Conservationists upset about potential damage to Main River watershed
Lindsay Bird · CBC News · Posted: Apr 22, 2021 6:00 AM NT | Last Updated: 6 hours ago6 comments
Gary Gale has known the Main River his whole life — and how special the Northern Peninsula waterway, and the land surrounding it, is.
“I’ve fished and hiked the Main, God — since I was knee-high to a grasshopper, I suppose,” he told CBC from his home in Hampden.
The Main River is about as remote as it gets in Newfoundland. You can see the mouth of it, where it spills into White Bay between the two communities of Sop’s Arm and Pollard’s Point, but there was no road access into its watershed whatsoever until the mid-1980s, and even then, nothing beyond rough woods roads.
Its pristine waters and old-growth forest led to it being designated a Canadian Heritage River in 2001 — the first one in the province — for what that organization deemed “its outstanding natural and recreational values.” In 2009, an extra layer of protection was added, when the province established the Main River Waterway Provincial Park.
Increase seen in trash, dogs off leash, feeding wildlife
CBC News · Posted: Sep 02, 2020 11:37 AM NT | Last Updated: 5 hours ago
As Gros Morne National Park has seen an increase in local visitors this summer, staff have also seen some unwelcome sights: more litter on trails, dogs off-leash, people feeding wildlife and even toilet paper scattered in the wilderness.
Rob Hingston, Parks Canada’s acting visitor experience manager at Gros Morne, said while they see some of that every year, “this year it seems to be a little bit more obvious.”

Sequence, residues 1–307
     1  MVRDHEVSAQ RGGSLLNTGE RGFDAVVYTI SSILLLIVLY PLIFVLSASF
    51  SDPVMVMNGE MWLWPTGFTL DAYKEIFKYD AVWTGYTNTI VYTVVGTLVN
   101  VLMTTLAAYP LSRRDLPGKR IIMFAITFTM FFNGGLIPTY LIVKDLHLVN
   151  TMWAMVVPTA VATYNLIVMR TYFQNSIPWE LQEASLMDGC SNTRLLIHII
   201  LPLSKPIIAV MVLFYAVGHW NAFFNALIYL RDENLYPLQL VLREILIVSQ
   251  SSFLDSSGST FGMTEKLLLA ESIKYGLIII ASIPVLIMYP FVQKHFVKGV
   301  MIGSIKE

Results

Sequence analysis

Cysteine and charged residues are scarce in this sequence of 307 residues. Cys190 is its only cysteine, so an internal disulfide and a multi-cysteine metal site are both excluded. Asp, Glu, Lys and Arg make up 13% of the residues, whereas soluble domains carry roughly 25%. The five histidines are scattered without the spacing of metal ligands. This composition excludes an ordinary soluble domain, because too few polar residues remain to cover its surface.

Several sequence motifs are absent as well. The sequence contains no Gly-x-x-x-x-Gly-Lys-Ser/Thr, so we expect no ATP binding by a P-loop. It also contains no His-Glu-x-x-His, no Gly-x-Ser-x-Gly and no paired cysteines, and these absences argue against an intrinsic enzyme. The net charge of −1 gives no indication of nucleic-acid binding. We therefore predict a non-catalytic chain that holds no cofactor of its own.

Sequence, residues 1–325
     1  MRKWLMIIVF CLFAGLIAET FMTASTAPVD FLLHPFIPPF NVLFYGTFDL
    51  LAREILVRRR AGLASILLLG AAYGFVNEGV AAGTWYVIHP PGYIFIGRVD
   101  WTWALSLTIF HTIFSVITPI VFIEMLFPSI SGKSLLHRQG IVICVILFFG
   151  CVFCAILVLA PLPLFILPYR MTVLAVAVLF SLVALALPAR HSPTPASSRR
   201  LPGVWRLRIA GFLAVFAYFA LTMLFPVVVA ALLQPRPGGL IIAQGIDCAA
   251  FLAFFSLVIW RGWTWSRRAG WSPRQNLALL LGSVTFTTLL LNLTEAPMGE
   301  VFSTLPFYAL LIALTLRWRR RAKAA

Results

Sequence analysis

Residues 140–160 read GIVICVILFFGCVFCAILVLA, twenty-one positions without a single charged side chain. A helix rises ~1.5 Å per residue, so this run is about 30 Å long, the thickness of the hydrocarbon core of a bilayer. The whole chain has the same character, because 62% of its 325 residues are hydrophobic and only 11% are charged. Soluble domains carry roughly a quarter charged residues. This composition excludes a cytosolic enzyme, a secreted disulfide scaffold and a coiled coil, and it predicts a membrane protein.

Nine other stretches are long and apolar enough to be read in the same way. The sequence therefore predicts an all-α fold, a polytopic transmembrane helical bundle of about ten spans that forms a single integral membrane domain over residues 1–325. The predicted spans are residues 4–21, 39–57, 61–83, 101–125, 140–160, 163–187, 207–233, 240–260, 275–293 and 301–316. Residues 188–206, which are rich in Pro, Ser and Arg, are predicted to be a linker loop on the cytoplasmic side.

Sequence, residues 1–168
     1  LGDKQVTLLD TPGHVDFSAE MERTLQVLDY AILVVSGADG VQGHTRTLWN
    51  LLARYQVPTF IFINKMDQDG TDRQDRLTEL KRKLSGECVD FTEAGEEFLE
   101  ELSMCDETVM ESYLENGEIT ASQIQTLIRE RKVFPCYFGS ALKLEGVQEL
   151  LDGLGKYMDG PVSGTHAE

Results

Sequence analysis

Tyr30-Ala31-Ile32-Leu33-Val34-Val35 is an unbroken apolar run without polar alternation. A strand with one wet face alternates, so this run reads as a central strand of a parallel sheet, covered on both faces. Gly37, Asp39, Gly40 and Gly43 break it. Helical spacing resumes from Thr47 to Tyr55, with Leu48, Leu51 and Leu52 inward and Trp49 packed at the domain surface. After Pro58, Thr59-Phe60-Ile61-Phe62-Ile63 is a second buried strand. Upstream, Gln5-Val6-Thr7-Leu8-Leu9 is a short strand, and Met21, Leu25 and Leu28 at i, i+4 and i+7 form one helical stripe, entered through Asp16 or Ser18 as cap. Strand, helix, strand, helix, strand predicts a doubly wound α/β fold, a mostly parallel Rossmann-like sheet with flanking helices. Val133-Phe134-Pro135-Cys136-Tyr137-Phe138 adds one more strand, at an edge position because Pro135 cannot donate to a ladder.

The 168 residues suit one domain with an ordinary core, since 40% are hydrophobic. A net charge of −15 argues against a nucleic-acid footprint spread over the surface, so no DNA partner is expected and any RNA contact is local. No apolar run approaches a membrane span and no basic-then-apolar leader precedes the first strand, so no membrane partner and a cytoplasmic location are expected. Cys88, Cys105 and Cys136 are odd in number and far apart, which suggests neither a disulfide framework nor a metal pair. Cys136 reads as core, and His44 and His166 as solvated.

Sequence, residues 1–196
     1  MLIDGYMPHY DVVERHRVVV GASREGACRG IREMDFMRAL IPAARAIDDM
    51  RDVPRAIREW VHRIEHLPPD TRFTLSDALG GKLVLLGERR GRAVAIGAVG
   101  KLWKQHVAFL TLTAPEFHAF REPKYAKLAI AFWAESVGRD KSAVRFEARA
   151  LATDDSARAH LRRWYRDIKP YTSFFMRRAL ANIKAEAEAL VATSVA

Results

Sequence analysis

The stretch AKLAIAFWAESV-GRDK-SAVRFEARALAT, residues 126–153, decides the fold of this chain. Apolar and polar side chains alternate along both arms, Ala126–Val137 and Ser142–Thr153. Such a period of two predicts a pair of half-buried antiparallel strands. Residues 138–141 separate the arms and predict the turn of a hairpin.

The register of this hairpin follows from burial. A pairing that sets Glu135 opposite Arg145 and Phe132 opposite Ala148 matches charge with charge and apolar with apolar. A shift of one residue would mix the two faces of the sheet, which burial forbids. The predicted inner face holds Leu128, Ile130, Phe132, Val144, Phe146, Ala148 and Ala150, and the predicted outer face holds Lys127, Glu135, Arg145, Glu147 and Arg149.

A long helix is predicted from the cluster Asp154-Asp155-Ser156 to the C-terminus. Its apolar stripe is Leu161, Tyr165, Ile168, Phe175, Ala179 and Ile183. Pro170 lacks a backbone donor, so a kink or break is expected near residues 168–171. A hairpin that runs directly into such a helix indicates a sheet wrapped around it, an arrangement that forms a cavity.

“I think what we have is, we have a lot of people that may not be familiar with national parks and what’s expected behaviours with regard to looking after their own safety, and with regard to how they should keep the park unimpaired and protected,” said Rob Hingston, Parks Canada’s acting visitor experience manager at Gros Morne.
As we walk the road of reconciliation together, the Government of Canada remains strongly committed to creating economic opportunities for Indigenous businesses and communities.
Today, René Arseneault, Parliamentary Secretary to the Honourable Mélanie Joly, Minister of Economic Development and Official Languages and Minister responsible for the Atlantic Canada Opportunities Agency (ACOA), announced that the Government of Canada, through ACOA, is investing more than $6.1 million in 12 projects that support Indigenous businesses and communities across Atlantic Canada. This will help Indigenous partners to innovate, grow and play a major role in the region’s economic recovery.
Indigenous-focused initiatives supported by ACOA – (includes a trail project in Newfoundland and labrador and snowmobile tourism centre upgrades).
Pleased to welcome back Newfoundland T’Ways, Trails Manitoba and International Mountain Biking Association of Canada as members of Canadian Trails Federation. If you are a national group involved in land, trail activity or the outdoors we would welcome you as a member of CTF.http://canadiantrails.ca/partner/
We are seeking support for our efforts to restore a major breach in the continuity of the T’Railway Provincial Park in the community of Terra Nova. In November, an engineering assessment revealed potentially serious deterioration of several support piers and as a result, the bridge was closed because of safety concerns. Since that time, we have been trying hard to raise our 10% contribution towards the estimated repair cost of $650,000.
That is why we are asking stakeholders and T’Railway users to support our efforts. For tax deductible donations to our Terra Nova Bridge fund, please make your cheque payable to the Newfoundland T’Railway Charitable Organization.